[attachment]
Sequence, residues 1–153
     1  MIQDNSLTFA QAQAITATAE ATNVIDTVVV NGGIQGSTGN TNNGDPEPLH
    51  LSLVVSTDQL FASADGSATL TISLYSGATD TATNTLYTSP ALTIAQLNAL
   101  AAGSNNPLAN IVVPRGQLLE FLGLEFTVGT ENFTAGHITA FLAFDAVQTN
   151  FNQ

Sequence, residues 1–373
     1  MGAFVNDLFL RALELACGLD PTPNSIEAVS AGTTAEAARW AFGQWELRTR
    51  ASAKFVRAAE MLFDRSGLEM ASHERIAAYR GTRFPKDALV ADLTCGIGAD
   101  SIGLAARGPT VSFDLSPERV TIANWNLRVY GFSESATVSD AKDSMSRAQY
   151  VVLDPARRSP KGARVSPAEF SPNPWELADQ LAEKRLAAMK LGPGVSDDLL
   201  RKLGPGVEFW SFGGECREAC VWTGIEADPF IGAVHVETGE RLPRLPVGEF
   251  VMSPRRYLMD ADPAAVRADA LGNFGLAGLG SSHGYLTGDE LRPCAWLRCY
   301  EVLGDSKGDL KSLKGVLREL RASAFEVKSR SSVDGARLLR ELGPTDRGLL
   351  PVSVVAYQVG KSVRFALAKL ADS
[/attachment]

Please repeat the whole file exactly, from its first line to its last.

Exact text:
Sequence, residues 1–153
     1  MIQDNSLTFA QAQAITATAE ATNVIDTVVV NGGIQGSTGN TNNGDPEPLH
    51  LSLVVSTDQL FASADGSATL TISLYSGATD TATNTLYTSP ALTIAQLNAL
   101  AAGSNNPLAN IVVPRGQLLE FLGLEFTVGT ENFTAGHITA FLAFDAVQTN
   151  FNQ

Sequence, residues 1–373
     1  MGAFVNDLFL RALELACGLD PTPNSIEAVS AGTTAEAARW AFGQWELRTR
    51  ASAKFVRAAE MLFDRSGLEM ASHERIAAYR GTRFPKDALV ADLTCGIGAD
   101  SIGLAARGPT VSFDLSPERV TIANWNLRVY GFSESATVSD AKDSMSRAQY
   151  VVLDPARRSP KGARVSPAEF SPNPWELADQ LAEKRLAAMK LGPGVSDDLL
   201  RKLGPGVEFW SFGGECREAC VWTGIEADPF IGAVHVETGE RLPRLPVGEF
   251  VMSPRRYLMD ADPAAVRADA LGNFGLAGLG SSHGYLTGDE LRPCAWLRCY
   301  EVLGDSKGDL KSLKGVLREL RASAFEVKSR SSVDGARLLR ELGPTDRGLL
   351  PVSVVAYQVG KSVRFALAKL ADS